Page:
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01.12.2015 | Research article | Ausgabe 1/2015 Open Access

BMC Public Health 1/2015

Partner HIV serostatus disclosure and determinants of serodiscordance among prevention of mother to child transmission clients in Nigeria

BMC Public Health > Ausgabe 1/2015
Amobi Andrew Onovo, Iboro Ekpo Nta, Aaron Anyebe Onah, Chukwuemeka Arinze Okolo, Ahmad Aliyu, Patrick Dakum, Akinyemi Olumuyiwa Atobatele, Pamela Gado
Wichtige Hinweise

Electronic supplementary material

The online version of this article (doi:10.​1186/​s12889-015-2155-x) contains supplementary material, which is available to authorized users.

Competing interests

In this study, we report no financial or non-financial competing interests.

Authors’ contributions

AAO conceived of the study including design and methodology. He was the principal in data management particularly first and final level analysis. IEN performed literature reviews including references, secondary analysis and harmonized results. CAO developed the study map of the regions and performed quality assurance on results tabulated. AAO, AA, PD, AOA and PG reviewed drafts of the manuscripts and provided critical feedback. All authors read and approved the final version.



Serodiscordance exists when the known HIV result of one member of a couple pair is positive while that of his/her partner is negative. In sub-Saharan Africa, in stable long-term couple partnerships (married or cohabiting), serodiscordance is a growing source of HIV-transmissions. This study aimed to ascertain across Nigeria, serodiscordance prevalence, partner HIV status disclosure and explore associations between suspected determinants and serodiscordance among PMTCT enrolled HIV positive pregnant women and their partners.


A retrospective Quality of Care performance evaluation was conducted in July 2013 among 544 HIV positive pregnant enrolees of PMTCT services in 62 comprehensive facilities across 5 of Nigeria’s 6 geo-political zones. Data of client-partner pairs were abstracted from pre-existing medical records and analysed using chi-square statistics and logistic regression.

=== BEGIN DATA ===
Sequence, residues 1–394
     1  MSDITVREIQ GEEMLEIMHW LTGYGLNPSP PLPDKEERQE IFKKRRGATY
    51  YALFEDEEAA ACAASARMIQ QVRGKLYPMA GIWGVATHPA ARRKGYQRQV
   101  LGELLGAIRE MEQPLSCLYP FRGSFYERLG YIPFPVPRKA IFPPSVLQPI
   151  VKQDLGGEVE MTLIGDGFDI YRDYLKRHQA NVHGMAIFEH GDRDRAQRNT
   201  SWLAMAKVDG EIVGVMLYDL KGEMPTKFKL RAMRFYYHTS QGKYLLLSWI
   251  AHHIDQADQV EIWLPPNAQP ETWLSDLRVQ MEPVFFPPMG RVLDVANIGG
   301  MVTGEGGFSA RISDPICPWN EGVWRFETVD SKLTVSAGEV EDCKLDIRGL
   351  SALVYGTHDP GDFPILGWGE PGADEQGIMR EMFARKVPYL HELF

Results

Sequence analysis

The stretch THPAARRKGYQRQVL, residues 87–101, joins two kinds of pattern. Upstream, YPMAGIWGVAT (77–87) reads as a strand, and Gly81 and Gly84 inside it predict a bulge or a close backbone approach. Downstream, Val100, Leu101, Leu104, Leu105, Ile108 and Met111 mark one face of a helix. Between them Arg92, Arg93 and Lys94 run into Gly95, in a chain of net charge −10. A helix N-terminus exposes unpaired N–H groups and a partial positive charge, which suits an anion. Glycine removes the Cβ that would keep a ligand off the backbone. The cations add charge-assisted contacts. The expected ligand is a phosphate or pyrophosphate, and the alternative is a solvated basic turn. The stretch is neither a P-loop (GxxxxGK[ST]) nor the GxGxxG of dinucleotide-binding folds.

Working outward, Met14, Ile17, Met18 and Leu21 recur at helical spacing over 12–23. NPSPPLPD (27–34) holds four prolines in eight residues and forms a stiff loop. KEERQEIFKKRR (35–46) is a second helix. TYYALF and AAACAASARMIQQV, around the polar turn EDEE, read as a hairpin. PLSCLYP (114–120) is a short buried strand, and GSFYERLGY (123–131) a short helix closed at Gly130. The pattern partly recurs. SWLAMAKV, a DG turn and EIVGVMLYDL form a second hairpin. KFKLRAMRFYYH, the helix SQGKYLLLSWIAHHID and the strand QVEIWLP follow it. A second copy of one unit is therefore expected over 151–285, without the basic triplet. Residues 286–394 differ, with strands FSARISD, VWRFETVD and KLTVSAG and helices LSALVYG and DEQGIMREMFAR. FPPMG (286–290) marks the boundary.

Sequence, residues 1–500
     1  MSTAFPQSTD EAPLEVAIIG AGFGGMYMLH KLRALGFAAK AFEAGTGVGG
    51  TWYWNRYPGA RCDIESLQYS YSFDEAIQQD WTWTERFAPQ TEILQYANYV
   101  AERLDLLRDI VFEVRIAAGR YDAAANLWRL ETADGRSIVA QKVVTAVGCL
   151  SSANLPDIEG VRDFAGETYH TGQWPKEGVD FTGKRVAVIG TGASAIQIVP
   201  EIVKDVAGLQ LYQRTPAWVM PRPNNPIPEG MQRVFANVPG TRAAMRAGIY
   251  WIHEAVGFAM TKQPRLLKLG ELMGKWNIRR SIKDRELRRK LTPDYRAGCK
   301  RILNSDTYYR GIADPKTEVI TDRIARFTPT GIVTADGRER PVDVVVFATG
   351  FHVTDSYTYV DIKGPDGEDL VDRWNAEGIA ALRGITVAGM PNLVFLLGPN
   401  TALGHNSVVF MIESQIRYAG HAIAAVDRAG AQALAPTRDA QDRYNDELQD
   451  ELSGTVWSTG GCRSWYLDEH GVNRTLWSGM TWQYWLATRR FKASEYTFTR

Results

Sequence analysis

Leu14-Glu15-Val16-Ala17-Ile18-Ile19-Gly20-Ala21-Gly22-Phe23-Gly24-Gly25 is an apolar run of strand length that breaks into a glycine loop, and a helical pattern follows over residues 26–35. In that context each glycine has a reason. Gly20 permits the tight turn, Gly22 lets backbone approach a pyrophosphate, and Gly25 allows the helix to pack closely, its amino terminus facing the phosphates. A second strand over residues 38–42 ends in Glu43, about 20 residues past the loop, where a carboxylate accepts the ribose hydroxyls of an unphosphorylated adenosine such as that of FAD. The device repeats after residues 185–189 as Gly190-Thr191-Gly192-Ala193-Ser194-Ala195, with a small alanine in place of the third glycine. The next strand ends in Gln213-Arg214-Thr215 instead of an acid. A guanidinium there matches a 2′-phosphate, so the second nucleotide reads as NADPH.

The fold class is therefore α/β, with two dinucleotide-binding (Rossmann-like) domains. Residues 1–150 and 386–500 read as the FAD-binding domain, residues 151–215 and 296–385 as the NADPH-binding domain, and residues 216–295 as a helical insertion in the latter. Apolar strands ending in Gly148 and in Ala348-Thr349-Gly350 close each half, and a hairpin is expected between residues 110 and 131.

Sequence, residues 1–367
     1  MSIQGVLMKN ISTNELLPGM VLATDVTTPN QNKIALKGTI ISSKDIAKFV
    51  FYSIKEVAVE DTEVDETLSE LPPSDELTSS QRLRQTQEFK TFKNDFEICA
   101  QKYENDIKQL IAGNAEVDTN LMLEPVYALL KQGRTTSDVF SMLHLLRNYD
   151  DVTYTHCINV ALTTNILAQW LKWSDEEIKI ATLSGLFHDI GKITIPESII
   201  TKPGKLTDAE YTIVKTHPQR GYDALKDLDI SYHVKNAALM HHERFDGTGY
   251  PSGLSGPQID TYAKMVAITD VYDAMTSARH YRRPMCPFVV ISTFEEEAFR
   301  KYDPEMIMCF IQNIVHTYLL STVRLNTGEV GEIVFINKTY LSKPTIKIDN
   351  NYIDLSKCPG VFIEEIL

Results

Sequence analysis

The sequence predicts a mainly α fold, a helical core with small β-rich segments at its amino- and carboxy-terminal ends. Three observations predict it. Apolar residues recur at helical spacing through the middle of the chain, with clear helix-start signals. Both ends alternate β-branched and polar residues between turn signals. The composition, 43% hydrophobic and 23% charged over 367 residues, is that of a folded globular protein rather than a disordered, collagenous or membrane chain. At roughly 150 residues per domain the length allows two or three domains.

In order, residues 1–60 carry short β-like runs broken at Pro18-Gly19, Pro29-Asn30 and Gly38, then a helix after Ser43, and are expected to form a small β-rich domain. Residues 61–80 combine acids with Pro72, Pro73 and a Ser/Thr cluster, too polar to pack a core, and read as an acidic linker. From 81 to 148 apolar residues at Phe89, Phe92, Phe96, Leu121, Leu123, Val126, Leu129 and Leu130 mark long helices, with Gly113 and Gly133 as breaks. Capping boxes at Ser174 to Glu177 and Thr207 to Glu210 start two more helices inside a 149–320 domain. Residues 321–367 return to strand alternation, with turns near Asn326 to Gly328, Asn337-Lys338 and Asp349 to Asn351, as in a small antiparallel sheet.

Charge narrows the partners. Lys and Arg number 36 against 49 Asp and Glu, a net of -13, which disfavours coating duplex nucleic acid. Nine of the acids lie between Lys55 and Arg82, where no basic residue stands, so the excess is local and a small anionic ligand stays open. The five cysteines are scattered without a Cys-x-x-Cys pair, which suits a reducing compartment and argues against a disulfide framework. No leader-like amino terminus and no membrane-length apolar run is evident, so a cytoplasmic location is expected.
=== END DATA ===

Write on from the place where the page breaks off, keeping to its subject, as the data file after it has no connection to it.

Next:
A total of 544 (22 %) of 2499 clients with complete partner details were analysed. Clients’ age ranged from 15 to 50 years with a mean of 30 years. Serodiscordant prevalence was 52 % and chi-square test suggests no significant difference between serodiscordant and seroconcordant clients and their partners (p = 0.265). Serodiscordant rates were closely associated trend wise with national HIV sero-prevalence rates and the median CD4+ count was 425 ul/mm3 (IQR: 290–606 ul/mm3). Similar proportion of clients (99 %) received testing and agreed to disclose status to their partners. Yet, there was no association between clients agreement to disclose HIV status to their partners and these partners getting tested and receiving results (p = 0.919). Significantly, 87 % of clients in concordant HIV positive relationships appeared to be symptomatic (WHO clinical stage 3 or 4) compared to 13 % clients in HIV-discordant relationships (p < 0.003). Client’s age and CD4+ count did not aptly predict serodiscordance (Wald = 0.011 and 0.436 respectively). However, the WHO clinical staging appeared to be a better predictor of serodiscordance and concordance than other variables (Wald = 3.167).


The results suggest that clinical staging (WHO) could be a better predictor of client- partner pair discordant or concordant HIV serostatus. Early partner testing and notification can avert seroconversion, hence properly designed and mainstreamed interventions that target serodiscordant couples are essential.
Additional file 1: Study regions and state. (PDF 373 kb)
Additional file 2: HIVQual sample size determination chart based on 95 % CI. (PDF 173 kb)
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